Tag Archives: openssh

SSH SOCKS Proxy Control

One of the many amazing features with SSH is various forms of traffic forwarding. You can forward ports (local or remote) and even setup a network tunnel with -w, and you can also use SSH to setup a SOCKS proxy for you. This creates an HTTP/S proxy server on your local machine which directs web traffic through a remote machine when the proxy is configured in your browser/system.

This is incredibly useful for accessing general web content for example on an otherwise firewalled network. It has the added bonus of encrypting traffic from you to the remote system if you were worried about local snoopers or outgoing firewalls.

To start a SOCKS proxy is easy: ssh -D PORT username@remotehost

This will start a proxy which can be accessed via PORT on localhost and connect through to the remotehost as username. Various other options can be used as well so the most common connection is:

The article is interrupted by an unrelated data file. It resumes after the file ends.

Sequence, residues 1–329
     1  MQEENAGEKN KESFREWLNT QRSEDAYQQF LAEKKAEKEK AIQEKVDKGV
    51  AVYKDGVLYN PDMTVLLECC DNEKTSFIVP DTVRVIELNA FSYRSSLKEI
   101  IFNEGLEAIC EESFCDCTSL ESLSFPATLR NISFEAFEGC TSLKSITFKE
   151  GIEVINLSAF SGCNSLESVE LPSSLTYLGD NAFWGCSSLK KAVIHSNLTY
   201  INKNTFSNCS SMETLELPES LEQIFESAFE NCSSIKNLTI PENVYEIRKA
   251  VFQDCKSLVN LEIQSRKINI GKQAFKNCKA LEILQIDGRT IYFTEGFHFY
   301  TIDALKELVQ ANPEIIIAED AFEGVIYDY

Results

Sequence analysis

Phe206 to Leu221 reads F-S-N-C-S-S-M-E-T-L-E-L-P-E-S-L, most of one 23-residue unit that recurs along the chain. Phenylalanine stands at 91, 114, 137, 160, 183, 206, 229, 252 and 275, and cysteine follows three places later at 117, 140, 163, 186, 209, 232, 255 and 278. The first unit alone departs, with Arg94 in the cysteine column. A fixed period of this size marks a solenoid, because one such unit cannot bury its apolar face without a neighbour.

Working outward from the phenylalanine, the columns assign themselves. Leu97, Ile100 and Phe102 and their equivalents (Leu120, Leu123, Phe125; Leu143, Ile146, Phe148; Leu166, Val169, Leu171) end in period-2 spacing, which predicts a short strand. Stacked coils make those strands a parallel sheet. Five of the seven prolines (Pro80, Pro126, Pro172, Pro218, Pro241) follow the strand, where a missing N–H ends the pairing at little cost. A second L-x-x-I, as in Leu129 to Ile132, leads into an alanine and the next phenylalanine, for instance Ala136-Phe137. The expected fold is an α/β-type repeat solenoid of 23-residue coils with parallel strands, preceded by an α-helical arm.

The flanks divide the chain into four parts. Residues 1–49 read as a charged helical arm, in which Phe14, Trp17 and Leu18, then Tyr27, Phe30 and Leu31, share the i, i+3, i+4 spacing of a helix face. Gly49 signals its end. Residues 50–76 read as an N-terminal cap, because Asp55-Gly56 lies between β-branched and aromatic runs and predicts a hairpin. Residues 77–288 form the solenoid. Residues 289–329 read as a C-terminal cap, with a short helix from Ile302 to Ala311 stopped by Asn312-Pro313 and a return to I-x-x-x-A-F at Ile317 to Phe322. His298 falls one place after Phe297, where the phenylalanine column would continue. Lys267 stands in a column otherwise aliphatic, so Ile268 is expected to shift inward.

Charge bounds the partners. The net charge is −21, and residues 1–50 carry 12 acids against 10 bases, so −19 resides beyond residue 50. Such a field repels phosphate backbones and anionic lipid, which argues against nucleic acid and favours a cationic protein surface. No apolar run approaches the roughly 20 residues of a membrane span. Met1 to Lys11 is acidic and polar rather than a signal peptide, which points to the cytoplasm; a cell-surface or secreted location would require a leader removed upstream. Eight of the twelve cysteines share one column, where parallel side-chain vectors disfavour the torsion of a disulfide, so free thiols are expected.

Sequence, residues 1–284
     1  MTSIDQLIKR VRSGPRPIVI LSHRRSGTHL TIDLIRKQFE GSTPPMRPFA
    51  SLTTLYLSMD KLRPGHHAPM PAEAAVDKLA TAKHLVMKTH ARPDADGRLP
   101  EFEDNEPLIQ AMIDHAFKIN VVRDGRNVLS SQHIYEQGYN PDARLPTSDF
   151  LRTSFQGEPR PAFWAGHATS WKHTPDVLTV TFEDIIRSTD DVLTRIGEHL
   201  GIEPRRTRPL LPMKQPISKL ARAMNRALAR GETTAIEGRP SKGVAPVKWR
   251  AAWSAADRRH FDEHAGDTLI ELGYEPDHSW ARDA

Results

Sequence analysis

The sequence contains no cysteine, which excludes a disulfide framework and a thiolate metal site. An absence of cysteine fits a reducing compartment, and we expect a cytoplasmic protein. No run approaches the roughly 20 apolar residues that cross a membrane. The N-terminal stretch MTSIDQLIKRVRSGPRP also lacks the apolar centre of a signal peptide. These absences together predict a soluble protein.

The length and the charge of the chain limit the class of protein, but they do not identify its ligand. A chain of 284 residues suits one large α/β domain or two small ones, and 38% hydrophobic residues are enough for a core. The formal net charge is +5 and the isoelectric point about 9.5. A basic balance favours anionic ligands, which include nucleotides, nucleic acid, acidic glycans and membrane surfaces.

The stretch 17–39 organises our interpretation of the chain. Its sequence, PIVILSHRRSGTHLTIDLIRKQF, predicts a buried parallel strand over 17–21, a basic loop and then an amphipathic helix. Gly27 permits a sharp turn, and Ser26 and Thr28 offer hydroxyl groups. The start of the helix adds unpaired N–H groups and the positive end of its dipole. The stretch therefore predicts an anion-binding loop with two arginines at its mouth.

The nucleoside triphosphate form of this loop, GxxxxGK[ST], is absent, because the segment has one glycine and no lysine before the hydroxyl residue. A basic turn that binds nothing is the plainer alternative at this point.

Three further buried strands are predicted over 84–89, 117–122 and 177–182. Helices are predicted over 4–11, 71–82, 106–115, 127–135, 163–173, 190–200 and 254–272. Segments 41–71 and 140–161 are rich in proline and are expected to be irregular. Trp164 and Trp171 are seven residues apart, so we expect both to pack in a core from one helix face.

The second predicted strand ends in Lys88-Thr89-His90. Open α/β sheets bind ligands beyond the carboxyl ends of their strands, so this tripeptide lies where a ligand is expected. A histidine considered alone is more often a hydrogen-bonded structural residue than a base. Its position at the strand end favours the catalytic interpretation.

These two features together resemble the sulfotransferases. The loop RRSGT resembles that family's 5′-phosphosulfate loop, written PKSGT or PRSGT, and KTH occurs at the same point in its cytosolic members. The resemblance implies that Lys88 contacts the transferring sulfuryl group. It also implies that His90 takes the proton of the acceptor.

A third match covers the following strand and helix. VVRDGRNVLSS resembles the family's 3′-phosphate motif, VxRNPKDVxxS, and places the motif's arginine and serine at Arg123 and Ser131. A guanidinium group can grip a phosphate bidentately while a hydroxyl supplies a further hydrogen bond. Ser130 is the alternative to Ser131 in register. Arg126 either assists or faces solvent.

ssh -D PORT -f -C -q -N username@remotehost

Here: -D as before says start the proxy on this port, -f means fork (run in the background), -C compress traffic (usually beneficial), -q quiet mode (nothing to the user), and -N means I don’t want to run a command just make the connection.

This is the command I commonly used to connect to different sites. To make things easier I had a number of scripts in my bin directory which had the values coded in. Opening became easy but closing the connection would require looking through a process list and stopping the right ssh process.

Given that I only wanted to run this in userspace (not system-wide or as part of startup etc) but I did want to be able to easily bring the link up and down without using a tty (so running in the background) I put together a quick bash script inspired by the old init.d services:

This script, imaginatively called vpn (even though yes I know it’s not actually a VPN) lets me start, check, and stop the proxy very easily.

Posted here just because!